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Brooklyn Historical Society: A Home Away from Home

Published on
November 6

            Like many of us in the Columbia community, New York is not where I think of as home. Though I love living, working and studying here, I still feel stronger ties to my former small-town homes in New Jersey and New Hampshire. Even with my growing mastery of the subway system and ever-expanding mental catalog of theatres, restaurants, shops and museums, New York still seems so insurmountably huge to ever be able to fill the gap left by memories of smaller, quieter communities. My trip to the Brooklyn Historical Society today, however, may have proved me wrong about this.

            The Brooklyn Historical Society, one of Columbia University’s Passport to Museum partners, is located in a beautiful historic landmark building not far off of the Borough Hall subway stop. It features a modest permanent collection of photos, artifacts and ephemera from Brooklyn’s past, several ever-changing exhibitions, and an impressive library. Each exhibit space is quite small; the first exhibit I saw was centered around only one item – an authentic copy of the Emancipation Proclamation (one of less than thirty in the world) signed by Abraham Lincoln himself. This small corner of the museum encouraged visitors to view this historic document as one that is still very much alive and important in a world that continues to be plagued with discrimination, intolerance and inequality for many minorities.

            Downstairs from the Emancipation Proclamation was another rotating exhibit, “Landmarks of New York.” This exhibit featured dozens of black and white photos of buildings, structures and outdoor environments throughout the entirety of New York City that have been designated as landmarks and thus protected from destruction. As someone who knows little about New York, I had never heard of many of the landmark buildings before. However, I was quickly drawn to photos and descriptions of many places that were familiar to me: Carnegie Hall, Central Park, Rockefeller Center, and even some places right in my own “backyard” like Morningside Park and Riverside Church. There are over 30,000 protected landmarks in New York City, and it was interesting to see how varied each landmark is, as well as how ubiquitous they are throughout the city. No matter where you are in New York City, you are never far away from a preserved piece of history.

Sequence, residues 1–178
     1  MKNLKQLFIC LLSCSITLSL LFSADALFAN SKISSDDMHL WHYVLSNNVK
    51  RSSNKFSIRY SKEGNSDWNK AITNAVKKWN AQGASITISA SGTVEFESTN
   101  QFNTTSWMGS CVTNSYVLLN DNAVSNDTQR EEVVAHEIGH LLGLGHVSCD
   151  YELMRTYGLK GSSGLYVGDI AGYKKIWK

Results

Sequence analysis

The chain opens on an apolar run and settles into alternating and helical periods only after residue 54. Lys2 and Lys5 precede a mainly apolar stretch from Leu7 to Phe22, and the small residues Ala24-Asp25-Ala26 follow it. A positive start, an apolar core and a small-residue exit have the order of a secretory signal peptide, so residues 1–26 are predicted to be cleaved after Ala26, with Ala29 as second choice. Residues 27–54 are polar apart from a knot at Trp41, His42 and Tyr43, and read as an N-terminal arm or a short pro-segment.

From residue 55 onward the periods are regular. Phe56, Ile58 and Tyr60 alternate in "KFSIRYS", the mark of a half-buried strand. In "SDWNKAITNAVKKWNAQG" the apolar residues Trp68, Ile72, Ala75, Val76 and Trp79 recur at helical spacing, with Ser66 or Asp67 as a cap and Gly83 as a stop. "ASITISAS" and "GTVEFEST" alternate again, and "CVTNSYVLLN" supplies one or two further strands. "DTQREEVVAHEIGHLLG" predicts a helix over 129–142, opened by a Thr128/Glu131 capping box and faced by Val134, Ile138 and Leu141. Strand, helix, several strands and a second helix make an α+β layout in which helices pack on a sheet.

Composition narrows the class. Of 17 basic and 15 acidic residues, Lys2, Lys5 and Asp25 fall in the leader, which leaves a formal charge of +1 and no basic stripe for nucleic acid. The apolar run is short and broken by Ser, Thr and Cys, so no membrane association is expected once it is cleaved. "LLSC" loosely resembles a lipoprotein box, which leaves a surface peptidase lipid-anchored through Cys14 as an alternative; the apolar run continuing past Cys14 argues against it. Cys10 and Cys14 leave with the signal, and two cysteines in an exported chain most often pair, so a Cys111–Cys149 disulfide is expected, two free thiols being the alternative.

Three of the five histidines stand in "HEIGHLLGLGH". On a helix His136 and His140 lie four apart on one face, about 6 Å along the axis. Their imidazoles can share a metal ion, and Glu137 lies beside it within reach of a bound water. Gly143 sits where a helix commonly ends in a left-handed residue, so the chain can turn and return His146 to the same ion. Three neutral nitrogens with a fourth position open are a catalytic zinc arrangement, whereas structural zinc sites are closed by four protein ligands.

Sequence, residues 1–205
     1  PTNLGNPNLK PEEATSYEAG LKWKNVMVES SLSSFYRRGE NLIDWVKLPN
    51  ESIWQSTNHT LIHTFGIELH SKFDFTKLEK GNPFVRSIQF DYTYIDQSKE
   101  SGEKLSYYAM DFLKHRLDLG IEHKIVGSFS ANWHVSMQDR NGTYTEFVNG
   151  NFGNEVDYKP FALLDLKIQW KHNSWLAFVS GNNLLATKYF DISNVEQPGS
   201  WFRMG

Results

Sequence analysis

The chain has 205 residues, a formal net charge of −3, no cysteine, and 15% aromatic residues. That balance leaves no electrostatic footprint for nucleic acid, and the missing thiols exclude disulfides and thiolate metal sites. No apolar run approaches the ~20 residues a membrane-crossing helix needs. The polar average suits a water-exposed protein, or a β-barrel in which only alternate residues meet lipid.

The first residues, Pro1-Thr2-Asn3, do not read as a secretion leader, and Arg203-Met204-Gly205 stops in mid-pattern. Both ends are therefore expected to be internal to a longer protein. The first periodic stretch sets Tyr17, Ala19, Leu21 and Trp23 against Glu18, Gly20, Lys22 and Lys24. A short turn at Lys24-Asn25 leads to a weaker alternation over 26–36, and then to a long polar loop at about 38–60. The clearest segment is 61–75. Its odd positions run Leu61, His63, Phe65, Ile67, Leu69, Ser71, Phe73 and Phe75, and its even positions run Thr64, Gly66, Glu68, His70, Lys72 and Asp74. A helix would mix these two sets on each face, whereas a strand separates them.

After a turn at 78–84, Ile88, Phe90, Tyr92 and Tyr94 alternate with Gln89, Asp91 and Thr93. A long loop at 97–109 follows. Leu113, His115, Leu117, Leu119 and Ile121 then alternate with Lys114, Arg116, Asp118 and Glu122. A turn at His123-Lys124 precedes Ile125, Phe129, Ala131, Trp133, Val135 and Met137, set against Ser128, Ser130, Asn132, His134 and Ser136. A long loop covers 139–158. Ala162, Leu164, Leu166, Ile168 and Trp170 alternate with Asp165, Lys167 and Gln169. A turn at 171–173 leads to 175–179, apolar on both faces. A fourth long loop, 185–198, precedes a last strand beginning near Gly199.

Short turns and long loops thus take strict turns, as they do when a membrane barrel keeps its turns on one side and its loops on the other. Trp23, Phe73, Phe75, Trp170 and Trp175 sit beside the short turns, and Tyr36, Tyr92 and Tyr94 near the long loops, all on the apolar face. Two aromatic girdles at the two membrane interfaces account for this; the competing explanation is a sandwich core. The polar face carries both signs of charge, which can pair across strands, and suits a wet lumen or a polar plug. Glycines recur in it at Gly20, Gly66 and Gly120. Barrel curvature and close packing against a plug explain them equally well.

The third floor of the museum featured two small galleries, each with a different exhibit. The first, “Documenting Sandy,” was perhaps the most powerful of any of the exhibits I saw. It features large photographs depicting the aftermath of the storm in Brooklyn, presented on walls graffitied with phrases like “Didn’t see this coming” and “Global Warming is here.” The exhibit displays amateur photos alongside professional photos, emphasizing the storm’s impact on an entire community. The pictures themselves emphasize this diversity: as an informational panel at the exhibit described, each photo depicts a different type of response to the storm, including “awe, derision, humor, resolve, despair, patience, community action, or passive observation.” The photos were all personal, and all powerful, showing how even the largest borough in New York City is small in comparison to the might of Nature.

            The final exhibit gallery, “Inventing Brooklyn,” echoed the museum’s permanent collection in its display of remembrances from Brooklyn’s history. Brooklyn’s culturally diverse heritage has helped to shape its growth and make it a major center for creativity and innovation. As I looked through the museum’s collection (record books from old stores, tickets to local concerts, Coney Island advertisements, posters of movies filmed in the borough, among many other things) I began to see Brooklyn not as the largest borough of an incredibly large city, but as a close-knit, eclectic and vibrant community, not unlike that of the small towns I remember so fondly. Even in a city as large as this, finding a strong community like the one depicted in the Brooklyn Historical Society can go a long way to making you feel right at home.